# Friction problem of truck

• DWill

#### DWill

This problem seems like it's not too complicated but I am still getting confused:

A 30.0 kg packing case is initially at rest on the floor of a 1500-kg pickup truck. The coefficient of static friction between the case and the truck floor is 0.30 and the coefficient of kinetic friction is 0.20. Before each acceleration given below, the truck is traveling due north at constant speed. Find the magnitude and direction of the friction force acting on the case A) when the truck accelerates at 2.20 m/s^2 northward, and B) when it accelerates at 3.40 m/s^2 southward.

What I don't understand is how to use the coefficients of static/kinetic friction in this problem. I drew a free body diagram for the case and I found just 3 forces on the body: the weight of the case, the normal force, and friction. I'm not sure if it should be static or kinetic in either case A or B. For case A, I would think that since the truck is accelerating northward, the case would be "moving" southward relative to the truck (does that make sense?) so the friction force (static, kinetic?) should be poiting northward. Not sure how to get the magnitude of friction though, since just multiplying mu by the normal force does not give the right answer.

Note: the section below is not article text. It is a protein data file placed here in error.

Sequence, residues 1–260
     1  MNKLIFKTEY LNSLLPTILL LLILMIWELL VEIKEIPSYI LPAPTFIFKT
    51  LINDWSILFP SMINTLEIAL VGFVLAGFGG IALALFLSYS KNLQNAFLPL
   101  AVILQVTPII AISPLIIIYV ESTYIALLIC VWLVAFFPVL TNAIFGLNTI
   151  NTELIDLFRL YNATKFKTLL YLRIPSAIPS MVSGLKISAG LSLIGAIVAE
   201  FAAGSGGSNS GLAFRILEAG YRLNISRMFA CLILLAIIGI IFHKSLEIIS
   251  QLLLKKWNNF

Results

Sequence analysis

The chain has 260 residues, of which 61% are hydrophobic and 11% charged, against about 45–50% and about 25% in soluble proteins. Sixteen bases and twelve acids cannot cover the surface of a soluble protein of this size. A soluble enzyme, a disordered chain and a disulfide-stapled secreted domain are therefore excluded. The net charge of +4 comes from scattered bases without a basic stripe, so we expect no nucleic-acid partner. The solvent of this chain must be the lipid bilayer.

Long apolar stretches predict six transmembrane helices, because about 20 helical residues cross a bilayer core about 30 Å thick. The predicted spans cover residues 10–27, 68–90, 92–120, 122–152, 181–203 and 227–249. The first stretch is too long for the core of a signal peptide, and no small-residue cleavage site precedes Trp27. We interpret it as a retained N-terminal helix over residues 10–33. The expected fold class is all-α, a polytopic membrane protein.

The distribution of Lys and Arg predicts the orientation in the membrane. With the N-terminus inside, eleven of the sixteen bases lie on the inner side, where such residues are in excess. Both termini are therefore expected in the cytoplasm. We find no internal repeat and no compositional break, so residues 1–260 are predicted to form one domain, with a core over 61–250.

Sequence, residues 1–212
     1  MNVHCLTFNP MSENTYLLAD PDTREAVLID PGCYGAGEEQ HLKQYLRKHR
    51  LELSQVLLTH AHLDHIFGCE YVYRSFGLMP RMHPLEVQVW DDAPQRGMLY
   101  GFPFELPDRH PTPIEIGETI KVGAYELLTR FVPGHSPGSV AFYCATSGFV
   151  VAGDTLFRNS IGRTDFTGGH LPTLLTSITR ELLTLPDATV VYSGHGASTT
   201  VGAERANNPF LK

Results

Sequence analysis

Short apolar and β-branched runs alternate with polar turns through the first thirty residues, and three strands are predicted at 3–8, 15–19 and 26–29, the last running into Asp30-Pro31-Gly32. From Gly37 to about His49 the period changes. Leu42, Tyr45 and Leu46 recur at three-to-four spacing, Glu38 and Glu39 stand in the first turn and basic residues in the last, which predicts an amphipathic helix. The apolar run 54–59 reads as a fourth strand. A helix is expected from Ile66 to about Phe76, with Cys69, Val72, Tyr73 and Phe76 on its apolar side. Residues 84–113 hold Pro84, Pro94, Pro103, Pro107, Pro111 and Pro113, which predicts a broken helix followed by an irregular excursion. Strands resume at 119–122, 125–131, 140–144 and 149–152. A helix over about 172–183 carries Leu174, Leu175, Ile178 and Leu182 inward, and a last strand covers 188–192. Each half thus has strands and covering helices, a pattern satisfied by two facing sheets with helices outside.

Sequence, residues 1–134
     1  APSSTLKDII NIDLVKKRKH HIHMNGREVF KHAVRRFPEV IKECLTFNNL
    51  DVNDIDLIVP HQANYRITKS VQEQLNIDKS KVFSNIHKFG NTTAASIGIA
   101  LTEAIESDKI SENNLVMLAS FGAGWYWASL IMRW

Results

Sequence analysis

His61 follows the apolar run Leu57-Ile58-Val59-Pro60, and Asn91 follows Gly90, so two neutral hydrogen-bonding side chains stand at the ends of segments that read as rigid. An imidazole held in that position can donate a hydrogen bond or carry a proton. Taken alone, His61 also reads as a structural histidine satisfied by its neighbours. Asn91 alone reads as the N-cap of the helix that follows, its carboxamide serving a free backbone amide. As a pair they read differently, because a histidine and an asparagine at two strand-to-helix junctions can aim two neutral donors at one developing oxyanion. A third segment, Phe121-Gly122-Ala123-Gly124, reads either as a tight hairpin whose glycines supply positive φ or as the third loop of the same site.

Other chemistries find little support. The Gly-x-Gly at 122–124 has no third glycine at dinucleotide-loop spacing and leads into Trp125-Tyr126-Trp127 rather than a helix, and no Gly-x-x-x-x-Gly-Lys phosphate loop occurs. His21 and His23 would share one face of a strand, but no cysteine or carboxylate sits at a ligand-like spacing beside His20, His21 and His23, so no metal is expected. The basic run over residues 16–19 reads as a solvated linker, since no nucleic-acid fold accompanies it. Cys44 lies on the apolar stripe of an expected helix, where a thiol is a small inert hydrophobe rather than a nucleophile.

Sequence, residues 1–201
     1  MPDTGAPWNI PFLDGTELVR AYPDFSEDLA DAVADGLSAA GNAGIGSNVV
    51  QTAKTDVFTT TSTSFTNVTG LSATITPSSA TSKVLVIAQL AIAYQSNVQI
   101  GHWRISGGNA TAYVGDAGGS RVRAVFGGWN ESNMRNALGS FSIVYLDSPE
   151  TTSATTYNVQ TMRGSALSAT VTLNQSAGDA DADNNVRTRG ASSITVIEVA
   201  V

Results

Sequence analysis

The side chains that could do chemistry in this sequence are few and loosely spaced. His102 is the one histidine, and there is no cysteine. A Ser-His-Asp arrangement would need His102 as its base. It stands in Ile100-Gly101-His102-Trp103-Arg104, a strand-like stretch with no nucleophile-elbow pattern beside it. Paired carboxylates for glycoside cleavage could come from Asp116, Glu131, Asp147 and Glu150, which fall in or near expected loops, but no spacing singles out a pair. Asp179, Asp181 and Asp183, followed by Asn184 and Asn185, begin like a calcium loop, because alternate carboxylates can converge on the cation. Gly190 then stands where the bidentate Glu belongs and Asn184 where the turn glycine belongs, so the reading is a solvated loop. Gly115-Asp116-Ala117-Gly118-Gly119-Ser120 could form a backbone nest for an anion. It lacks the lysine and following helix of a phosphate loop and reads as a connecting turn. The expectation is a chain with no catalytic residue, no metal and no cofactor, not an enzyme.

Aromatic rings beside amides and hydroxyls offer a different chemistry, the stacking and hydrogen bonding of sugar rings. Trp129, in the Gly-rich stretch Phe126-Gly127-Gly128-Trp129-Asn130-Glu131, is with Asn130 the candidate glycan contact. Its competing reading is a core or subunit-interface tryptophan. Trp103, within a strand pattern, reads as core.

When the truck and the case are moving with uniform velocity, there is no frictional force on the case. It is moving due to its inertia. Only two forces, the weight and the normal reaction, which balances each other, are acting on it.

Frictional forces come into play only when there is sliding or a tendency to slide between two surfaces. This happens only during acceleration. The truck accelerates, and the case wants to continue with its uniform velocity, and in this case there is the tendency for the case to slide wrt the truck.

If the acceleration is such that the frictional force is less than or equal to the maximum force of static friction, then the case will not slide; if it is more, then it will slide, and you will have to consider kinetic friction.

No you can try to do the math, and show us some work.